From posts I am seeing, I imagine that many people were disappointed by other people in 2022. I am reading a knee jerk reaction, about how if we don’t have expectations, we will never be disappointed. Umm, no. It is all about a bar fight in SW Philly.
A very long time ago, I had been disappointed by a close friend and was going to cut them from my life. I was talking about it with my stepfather, and he told me of a story of a bar fight he was involved in during his younger years.
He was at a bar with two of his friends and they got into it with four other guys. At the start of the fight, his one friend ran and a 3 on 4 turned into a 2 on 4.
Rich explained that he remained friends with the guy who ran, completely surprising me. He said he was a nice guy, but he learned that he would not trust him in a bar fight. It is not a black and white situation. There is a lot of gray involved.
Each person that we meet brings something into our lives and takes away, positives and negatives. We have to evaluate each relationship and see if the positives outweigh the negatives. This determines if the person should be in our lives and how far we let them in.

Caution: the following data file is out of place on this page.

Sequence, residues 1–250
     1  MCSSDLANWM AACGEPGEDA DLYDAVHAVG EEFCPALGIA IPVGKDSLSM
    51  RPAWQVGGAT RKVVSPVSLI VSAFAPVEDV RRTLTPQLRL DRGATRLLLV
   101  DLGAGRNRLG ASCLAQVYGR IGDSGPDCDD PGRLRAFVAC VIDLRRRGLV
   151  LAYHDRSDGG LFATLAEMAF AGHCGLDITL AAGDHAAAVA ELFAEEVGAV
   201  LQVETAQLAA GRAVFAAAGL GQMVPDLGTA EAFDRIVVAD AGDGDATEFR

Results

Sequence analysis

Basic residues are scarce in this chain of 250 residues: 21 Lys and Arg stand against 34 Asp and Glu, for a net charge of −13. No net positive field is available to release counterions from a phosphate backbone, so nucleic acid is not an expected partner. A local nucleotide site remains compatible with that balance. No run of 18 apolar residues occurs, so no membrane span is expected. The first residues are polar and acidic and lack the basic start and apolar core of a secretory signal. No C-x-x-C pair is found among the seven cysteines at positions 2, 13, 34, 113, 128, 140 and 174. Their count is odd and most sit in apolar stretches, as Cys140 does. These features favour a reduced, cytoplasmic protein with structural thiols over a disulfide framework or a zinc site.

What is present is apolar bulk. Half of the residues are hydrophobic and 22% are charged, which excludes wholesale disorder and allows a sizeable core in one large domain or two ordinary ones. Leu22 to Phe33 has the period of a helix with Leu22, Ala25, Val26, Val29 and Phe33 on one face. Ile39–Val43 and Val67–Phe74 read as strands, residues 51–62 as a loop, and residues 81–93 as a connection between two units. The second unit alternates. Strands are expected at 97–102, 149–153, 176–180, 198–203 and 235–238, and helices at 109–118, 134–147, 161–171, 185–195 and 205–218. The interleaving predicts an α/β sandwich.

It confused me. It was so at odds with something I learned before. I attribute the story to my grandfather, but I don’t think it could have been him as I was more of a baby when he died but…
“If you can count your friends on one hand when you die,” he said to me, holding up a hand missing two and a half fingers from a work accident, “consider yourself lucky.”
My life became either/or. Friend or enemy. That’s what you get for taking life lessons from a violent alcoholic.
I am a child of trauma. There is an article here based upon the effects of childhood trauma on an adult. It can really be summed up, though, by a scene in Good Will Hunting.
Robin Williams is talking to the math professor about Will’s friends. The math professor is saying something to the extent that they are gorillas and holding Will back. Williams yells back that any one of those friends would take a baseball bat to someone’s head for Will and that is what Will needed.
I remember cheering during that scene. I remember reflecting on that scene for years to come. I remember thinking about that scene from the perspective of my stepfather’s story.